The first thing to look out for are signs of plant stress, which include the following.

  • Wilting leaves/dry & stiff or crackling leaves can be a sign of not enough water
  • Yellowing leaves can be a sign of over-watering; NOTE that deciduous plants tend to yellow naturally before shedding their leaves, and also that yellow leaves can be an indication of a deficiency of some kind
  • Abnormal discoloration or texture (brown, black, or white spots, mildew/mold) can be a sign of fungal, pest, or other disease
  • Nutrient toxicity (too much fertilizer) is often shown by abnormal growth, yellow plants, discolored leaves, or death of parts of your plant or the entire plant
  • Burned foliage on a specific area of a plant can be a sign of contact with an herbicide or even animal urine


Stressed plants are often targeted by pests, some of which are listed as follows.

  • Aphids are very common sucking insect and are very easy to spot; small, pear-shaped, most often green or brown (sometimes black, yellow, or gray), and clustered in large groups; a sticky substance known as honey-dew will cover the affected areas of the plant, which can cause fungal diseases, such as sooty mold
  • Whiteflies are a soft-bodied winged insects, related to aphids and mealybugs, who also suck plant juices, causing similar problems to those of aphids; they will also leave a residue of honeydew and often lay their eggs on the undersides of leaves
  • Spider mites are an arachnid that often show up in dry, dusty conditions (houseplants often fall victim to spider mites); signs will be yellow spots that grow larger as mites feed on juices from the plant, as well as fine silky webs woven around leaves and stems
  • Tomato hornworms are very large caterpillars with horn-like tails; often found on tomatoes (though not exclusively); can cause excessive damage to plants, including leaves and fruit
  • Cucumber beetles are chewing insects that resemble green ladybugs; often found on edibles, such as squash and cucumbers, but can also be found on flowering perennials like dahlias; in addition to damage down by chewing/eating, they can also transmit bacterial wilt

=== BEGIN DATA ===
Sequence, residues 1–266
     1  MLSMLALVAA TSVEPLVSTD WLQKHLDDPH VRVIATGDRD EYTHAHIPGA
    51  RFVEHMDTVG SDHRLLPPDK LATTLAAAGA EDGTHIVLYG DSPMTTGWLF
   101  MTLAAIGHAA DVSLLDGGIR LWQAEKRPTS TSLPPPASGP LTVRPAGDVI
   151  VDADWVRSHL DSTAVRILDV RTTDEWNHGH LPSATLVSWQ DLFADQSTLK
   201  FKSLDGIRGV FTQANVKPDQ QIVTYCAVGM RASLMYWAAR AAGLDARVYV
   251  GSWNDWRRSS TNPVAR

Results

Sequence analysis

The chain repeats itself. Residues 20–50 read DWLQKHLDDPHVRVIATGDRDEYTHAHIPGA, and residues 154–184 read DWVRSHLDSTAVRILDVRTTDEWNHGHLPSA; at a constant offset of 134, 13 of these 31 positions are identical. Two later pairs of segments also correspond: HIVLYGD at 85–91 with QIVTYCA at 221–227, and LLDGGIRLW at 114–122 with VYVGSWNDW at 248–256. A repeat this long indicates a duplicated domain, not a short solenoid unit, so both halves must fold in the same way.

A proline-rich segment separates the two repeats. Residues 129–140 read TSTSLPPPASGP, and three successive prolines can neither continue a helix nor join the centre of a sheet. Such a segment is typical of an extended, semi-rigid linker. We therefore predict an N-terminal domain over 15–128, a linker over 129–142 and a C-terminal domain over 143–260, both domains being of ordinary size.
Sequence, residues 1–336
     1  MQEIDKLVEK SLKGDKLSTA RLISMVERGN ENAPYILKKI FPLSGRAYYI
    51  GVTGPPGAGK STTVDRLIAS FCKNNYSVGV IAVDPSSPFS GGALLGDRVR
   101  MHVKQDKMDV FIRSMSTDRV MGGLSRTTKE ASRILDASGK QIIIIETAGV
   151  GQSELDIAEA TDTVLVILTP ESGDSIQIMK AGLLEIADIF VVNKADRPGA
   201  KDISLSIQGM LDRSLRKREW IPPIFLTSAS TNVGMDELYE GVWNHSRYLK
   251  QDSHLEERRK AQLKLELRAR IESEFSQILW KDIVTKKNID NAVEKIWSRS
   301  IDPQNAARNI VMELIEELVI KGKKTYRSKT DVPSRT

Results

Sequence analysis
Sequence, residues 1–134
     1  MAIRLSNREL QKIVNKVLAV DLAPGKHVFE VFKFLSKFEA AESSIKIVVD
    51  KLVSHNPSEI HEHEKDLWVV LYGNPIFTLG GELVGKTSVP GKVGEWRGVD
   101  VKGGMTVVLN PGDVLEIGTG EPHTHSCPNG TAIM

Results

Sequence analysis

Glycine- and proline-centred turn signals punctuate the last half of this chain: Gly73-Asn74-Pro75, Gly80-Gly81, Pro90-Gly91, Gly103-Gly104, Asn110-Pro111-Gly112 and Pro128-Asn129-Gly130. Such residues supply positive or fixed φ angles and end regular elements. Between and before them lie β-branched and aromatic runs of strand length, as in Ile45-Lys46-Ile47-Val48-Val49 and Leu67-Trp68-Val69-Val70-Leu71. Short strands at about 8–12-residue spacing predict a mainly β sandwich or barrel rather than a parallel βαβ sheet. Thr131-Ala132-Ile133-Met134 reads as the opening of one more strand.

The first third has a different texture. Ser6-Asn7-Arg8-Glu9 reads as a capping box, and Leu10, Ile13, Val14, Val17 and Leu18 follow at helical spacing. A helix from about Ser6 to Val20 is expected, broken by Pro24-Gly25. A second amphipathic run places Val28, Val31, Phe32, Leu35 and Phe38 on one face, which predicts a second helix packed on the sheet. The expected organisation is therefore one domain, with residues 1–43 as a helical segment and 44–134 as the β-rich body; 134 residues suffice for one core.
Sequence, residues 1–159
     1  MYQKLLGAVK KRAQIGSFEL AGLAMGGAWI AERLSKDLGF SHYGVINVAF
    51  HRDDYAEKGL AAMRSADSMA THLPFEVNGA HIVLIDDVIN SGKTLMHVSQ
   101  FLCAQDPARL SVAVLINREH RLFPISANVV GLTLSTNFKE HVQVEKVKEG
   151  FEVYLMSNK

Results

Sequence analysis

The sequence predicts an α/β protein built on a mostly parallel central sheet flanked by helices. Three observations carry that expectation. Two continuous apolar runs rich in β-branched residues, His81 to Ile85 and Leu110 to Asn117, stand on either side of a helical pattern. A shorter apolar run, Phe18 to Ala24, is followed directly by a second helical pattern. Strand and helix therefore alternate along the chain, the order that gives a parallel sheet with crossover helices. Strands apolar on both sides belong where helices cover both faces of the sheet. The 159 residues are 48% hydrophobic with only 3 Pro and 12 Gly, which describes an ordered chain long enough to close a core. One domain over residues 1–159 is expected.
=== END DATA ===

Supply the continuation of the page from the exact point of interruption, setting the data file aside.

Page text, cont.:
Other plant maladies to look out for.

  • Powdery mildew is indicated by dusty splotches of white or gray powder on the leaves and stems of infected plants
  • Leaf spot is very common on tomatoes (though not exclusively), showing up as dark spots, often first on the underside of lower leaves before spreading
  • Gray mold is often caused by excess moisture, often showing up as white spots at first, progressing to excessive gray or brown mold covering leaves or fruit
  • Fire blight can quickly kill your plant, forming dark cankers that spread until the plant is destroyed


Some solutions to these problems.

  • Hosing down your plants can suffice to get rid of aphids, but in excessive cases Neem Oil, Pest Fighter, or Ladybugs should be used
  • Neem is also great for getting rid of whitefly, spider mites, powdery mildew, blackspot, etc.
  • Hornworm (and other caterpillars & worms) can be taken care of with BT Biological insecticide
  • Praying mantids are voracious carnivores that will indiscriminately devour anything they can fit in their clutches
  • Dust your houseplants to keep spider mites at bay
  • Get a good moisture meter to avoid overwatering (mold, yellow leaves, etc.), as well as not watering enough
  • Release ladybugs around dusk or dawn, preferably after they’ve been in the refrigerator for a while, wet down the area; the more pests they have to feed on the longer they will stick around
  • In the case of fire blight, all infected areas must be assiduously removed with a good pair of pruners; EACH TIME you cut you will have to dip the blade of your pruners in a mixture of bleach and water to avoid spreading the bacteria; after infected areas are cut away, avoid routine pruning for a while, as well as fertilizing